Australian energy giant BHP Billiton Petroleum has become the latest international energy heavyweight to buy into U.S. shale plays with a transaction to acquire Chesapeake Energy Corp.’s Fayetteville Shale portfolio for $4.75 billion cash.

The BHP Billiton Ltd. unit would acquire all of Chesapeake’s existing net production in the Arkansas gas shale, which includes current output of about 415 MMcfe/d and midstream assets that include 420 miles of pipeline. The transaction was announced on Monday.

Chesapeake, the second largest gas producer in the Fayetteville Shale after Southwestern Energy Co., holds 487,000 net acres in the play. Southwestern has 888,695 net acres in the play, while ExxonMobil Corp. has 567,000 net acres.

Australia’s largest oil and gas company would add more than 10 Tcf of gas resources with the shale purchase, said J Michael Yeager, CEO of the petroleum unit.

“This transaction marks BHP Billiton’s entry into the U.S. shale business,” Yeager said. “The operated position we are obtaining will immediately make BHP Billiton a major North American shale gas producer.” Together with its natural gas assets in Western Australia and substantial U.S. Gulf of Mexico projects the Chesapeake deal helps BHP become a “very, very powerful” producer.

Chesapeake also agreed to provide essential services in the Arkansas leasehold for up to one year. The transaction comes just weeks after the Oklahoma City-based independent said it would sell the Fayetteville Shale assets and other equity investments as part of its revamped strategy over the coming two years to cut long-term debt by 25% while achieving a 25% gain in production growth, its “25/25 Plan” (see Shale Daily, Feb. 8).

Chesapeake CEO Aubrey K. McClendon said the sale allows the company to “quickly achieve substantial progress in implementing the debt reduction targets of our previously announced 25/25 Plan.”

The latest announcement comes a week after Chesapeake completed a $570 million cooperation agreement giving a subsidiary of China’s CNOOC Ltd. a one-third interest in Chesapeake’s 800,000 net acres in the Denver-Julesburg and Powder River basins of the Niobrara Shale (see Daily GPI, Feb. 3).

One question is how BP plc will fit into the BHP transaction. A U.S. unit of BP paid $1.9 billion to buy a one-quarter stake in Chesapeake’s Fayetteville assets in 2008 (see Daily GPI, Sept. 3, 2008).

BHP Billiton Petroleum said it produced 158.6 million boe in fiscal year 2010, which represented a 15% annual continued volume growth over fiscal year 2009 and an 11% compound annual growth rate for production since fiscal year 2007.

The unit, which is headquartered in Houston, is a familiar name to GOM deepwater explorers. It was one of 13 producers given the green light by federal officials to resume deepwater drilling activity in the GOM once newly enacted requirements were completed (see Daily GPI, Jan. 4).

The unit’s CEO also knows his way around the United States. Yeager joined the company in April 2006 after holding several senior positions at ExxonMobil, including helming its major joint venture capital projects.

Analysts reacted favorably to the transaction.

BHP paid about $1.98/Mcf for the estimated proven reserves in the play, according to Global Hunter Securities. By comparison, ExxonMobil’s XTO Energy Corp. in December paid $1.92/Mcf when it acquired Fayetteville assets from Petrohawk Energy Corp. (see Shale Daily, Dec. 27, 2010).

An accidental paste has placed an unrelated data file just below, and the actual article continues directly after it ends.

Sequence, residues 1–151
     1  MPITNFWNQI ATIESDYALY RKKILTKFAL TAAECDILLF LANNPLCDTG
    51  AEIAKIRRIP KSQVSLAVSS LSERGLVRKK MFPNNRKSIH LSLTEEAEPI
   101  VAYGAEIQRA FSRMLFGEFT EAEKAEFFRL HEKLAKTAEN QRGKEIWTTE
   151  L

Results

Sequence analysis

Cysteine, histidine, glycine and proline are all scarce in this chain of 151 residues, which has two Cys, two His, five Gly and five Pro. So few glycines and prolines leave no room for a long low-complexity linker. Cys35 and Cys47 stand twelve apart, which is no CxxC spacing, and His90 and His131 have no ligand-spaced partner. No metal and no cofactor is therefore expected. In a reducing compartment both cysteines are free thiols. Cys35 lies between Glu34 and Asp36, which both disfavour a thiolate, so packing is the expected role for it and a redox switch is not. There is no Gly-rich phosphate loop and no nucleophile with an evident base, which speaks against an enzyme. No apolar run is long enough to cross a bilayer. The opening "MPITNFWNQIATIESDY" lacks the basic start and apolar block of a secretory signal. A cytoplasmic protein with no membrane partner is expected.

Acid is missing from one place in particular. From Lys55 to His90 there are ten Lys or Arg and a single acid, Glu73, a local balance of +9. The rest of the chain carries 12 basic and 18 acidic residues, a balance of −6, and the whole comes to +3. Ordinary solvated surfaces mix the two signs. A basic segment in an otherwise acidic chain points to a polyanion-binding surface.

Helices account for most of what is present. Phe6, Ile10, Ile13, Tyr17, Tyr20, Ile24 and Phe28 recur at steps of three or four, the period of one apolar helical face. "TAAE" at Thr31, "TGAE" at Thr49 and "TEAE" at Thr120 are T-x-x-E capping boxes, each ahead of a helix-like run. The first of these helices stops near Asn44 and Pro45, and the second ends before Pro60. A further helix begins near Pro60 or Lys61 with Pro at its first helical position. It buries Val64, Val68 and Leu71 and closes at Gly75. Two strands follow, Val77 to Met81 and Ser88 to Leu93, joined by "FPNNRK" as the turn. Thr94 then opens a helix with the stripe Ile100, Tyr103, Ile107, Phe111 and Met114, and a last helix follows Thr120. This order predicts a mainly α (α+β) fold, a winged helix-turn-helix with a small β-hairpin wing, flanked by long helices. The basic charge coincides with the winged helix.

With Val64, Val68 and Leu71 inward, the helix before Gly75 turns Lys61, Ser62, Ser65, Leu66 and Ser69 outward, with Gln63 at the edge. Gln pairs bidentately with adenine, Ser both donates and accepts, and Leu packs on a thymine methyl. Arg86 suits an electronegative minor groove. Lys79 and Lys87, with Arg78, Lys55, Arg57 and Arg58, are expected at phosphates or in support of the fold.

“The valuation looks full, but not over the top, especially if and when U.S. gas prices start firming again,” wrote analysts with Platypus Asset Management Ltd., which is based in Australia. “It’s a bet on long-term U.S. gas prices going higher.” BHP’s management team has “entered a new business but…met the criteria that they have articulated for acquisitions, that is, tier-one, low-cost, long-life and expandable assets.”

Tudor, Pickering, Holt & Co. (TPH) analysts wrote Tuesday of the transaction that it was “hard not to see this coming but was likely faster than most investors expected…” With Chesapeake’s announced sales this year the company should have “$5.5 billion in the door in early 2011, with more activity on the way, for what we think is likely to be the best” story among exploration and production companies as the sector heads into 2012.

Assuming $300 million of the purchase price is associated with monetizing Chesapeake’s hedges, “we estimate the transaction equates to a 10.7 [times] production rate multiple,” wrote analysts with Canaccord Genuity. “We view this price as highly attractive given the assets are 100% gas…The transaction effectively alleviates the company’s liquidity concerns over the next several years.”

The transaction, said the Canaccord Genuity team, “highlights the liquidity currently available” to the exploration and production sector “and shows there is still market appetite for shale gas assets.”

JP Morgan analysts said the $4.75 billion sale price was “better than expected” and said Chesapeake could “easily achieve its goal” to bring in more than $5 billion pre-tax proceeds by selling the Arkansas leasehold and its equity investments.

BHP’s “credit profile can accommodate the proposed acquisition and buyback, given the group’s strong cash flow generation and conservative financial profile,” wrote Standard & Poor’s analysts. BHP’s credit rating of “A+” isn’t immediately affected by the acquisition, they said.

Chesapeake’s management team is to discuss the transaction in more detail during a quarterly earnings conference call on Wednesday, according to a company spokesman. The parties expect to complete the deal by the end of June. Chesapeake’s adviser on the transaction was Jefferies & Co. Inc.